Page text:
The misbegotten horror-comedy gets a jolt of otherworldly life with a bizarre, uneven new film from burgeoning 80's child Kevin Munroe. His Dylan Dog: Dead of Night casts a half assed spell of disquieting delight.
Adapted from a culty graphic novel series, Munroe wants to capture the bygone glory of master Sam Raimi, pitching terror giggle tent somewhere between The Evil Dead and Crimewave. Utilizing the most recent Superman, Brandon Routh, for his average joe/he-man charm, Munroe steeps us in New Orleans film noir territory, embroiled in a lighthearted horror vein. Dylan(Routh) is a detective of the undead, adrift in an atmospheric night world of friendly zombies(Sam Huntington), menacing werewolves(Peter Stormare) and power mad vampires(Taye Diggs).
The film feels familiar enough, meshing the world of Raymond Chandler and golden era crime drama with 80's horror, a smirk on it's face throughout. They don't make movies like this really anymore, and despite the feeling that it doesn't all quite come together, its still a step up from the director's mediocre CGI take on Teenage Mutant Ninja Turtles awhile back.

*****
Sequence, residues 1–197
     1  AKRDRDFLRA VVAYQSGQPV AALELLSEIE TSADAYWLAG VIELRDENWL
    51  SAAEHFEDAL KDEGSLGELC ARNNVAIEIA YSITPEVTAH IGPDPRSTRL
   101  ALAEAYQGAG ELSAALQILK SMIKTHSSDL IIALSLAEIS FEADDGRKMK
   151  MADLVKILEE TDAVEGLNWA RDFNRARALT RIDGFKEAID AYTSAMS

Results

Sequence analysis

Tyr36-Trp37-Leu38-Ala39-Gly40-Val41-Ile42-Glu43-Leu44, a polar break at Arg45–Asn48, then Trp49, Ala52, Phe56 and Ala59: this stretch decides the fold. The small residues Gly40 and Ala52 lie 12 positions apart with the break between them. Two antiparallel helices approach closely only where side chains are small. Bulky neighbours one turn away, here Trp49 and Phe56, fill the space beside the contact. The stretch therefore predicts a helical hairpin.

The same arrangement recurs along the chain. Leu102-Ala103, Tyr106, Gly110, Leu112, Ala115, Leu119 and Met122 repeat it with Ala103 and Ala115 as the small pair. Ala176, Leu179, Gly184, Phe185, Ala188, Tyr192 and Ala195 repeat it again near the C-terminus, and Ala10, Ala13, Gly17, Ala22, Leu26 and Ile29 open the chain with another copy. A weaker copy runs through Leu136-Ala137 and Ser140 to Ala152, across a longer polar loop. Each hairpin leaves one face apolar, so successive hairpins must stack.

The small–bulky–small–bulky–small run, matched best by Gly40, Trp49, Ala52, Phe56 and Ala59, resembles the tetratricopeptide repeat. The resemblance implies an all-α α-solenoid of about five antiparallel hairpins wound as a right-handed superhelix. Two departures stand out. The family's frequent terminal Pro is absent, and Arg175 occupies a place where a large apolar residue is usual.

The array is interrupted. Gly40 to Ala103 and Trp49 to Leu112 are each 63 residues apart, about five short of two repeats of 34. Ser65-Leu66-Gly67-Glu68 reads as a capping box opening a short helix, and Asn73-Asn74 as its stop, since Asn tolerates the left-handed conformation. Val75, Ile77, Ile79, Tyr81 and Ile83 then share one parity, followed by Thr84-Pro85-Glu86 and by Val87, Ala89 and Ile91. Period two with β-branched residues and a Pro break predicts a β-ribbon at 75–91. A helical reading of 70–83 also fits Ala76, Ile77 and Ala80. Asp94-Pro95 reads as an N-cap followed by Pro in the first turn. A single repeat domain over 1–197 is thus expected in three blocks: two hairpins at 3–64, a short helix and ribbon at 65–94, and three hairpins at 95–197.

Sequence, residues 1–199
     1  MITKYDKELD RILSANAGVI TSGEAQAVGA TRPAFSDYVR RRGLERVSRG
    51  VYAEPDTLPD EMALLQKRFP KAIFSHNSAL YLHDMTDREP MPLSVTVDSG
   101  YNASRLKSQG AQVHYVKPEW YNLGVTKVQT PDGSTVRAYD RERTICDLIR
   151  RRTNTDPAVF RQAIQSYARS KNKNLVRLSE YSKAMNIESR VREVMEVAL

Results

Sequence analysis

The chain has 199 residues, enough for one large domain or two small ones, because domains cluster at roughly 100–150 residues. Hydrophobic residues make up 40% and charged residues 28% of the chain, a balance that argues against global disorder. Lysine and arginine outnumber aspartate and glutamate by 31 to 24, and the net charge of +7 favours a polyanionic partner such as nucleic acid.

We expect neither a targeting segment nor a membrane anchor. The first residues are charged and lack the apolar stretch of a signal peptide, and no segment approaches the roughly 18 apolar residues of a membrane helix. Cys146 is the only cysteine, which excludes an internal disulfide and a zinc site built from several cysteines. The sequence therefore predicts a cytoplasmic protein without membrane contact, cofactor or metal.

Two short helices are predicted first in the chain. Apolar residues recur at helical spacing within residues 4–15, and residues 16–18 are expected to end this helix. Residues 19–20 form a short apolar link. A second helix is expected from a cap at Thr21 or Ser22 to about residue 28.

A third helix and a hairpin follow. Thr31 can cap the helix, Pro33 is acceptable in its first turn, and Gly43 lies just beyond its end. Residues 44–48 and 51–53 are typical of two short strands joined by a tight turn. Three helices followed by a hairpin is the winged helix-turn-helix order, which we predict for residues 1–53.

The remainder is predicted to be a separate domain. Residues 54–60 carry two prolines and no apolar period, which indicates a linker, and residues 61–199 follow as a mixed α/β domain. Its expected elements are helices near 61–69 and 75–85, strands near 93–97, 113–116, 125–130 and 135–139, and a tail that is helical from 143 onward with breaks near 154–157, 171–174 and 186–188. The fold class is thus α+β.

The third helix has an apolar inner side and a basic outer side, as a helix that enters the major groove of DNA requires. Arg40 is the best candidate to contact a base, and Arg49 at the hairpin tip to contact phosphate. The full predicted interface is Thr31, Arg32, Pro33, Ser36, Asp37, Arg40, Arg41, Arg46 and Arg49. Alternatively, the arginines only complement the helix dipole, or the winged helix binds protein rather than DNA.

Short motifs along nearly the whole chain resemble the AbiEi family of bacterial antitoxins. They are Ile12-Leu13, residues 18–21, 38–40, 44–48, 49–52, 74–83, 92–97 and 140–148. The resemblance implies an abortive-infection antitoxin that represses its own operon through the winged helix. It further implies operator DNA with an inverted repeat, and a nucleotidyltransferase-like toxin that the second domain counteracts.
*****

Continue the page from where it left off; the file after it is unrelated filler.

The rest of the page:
Routh's golden boy charm, Huntington's gifted physical comedy and likability as a character actor contribute to the feeling of affability permeating this oddity. Klaus Badelt's brilliant themes are smoky and irreplacable. While not for all, this strange little gem has all the makings of a modern cult movie.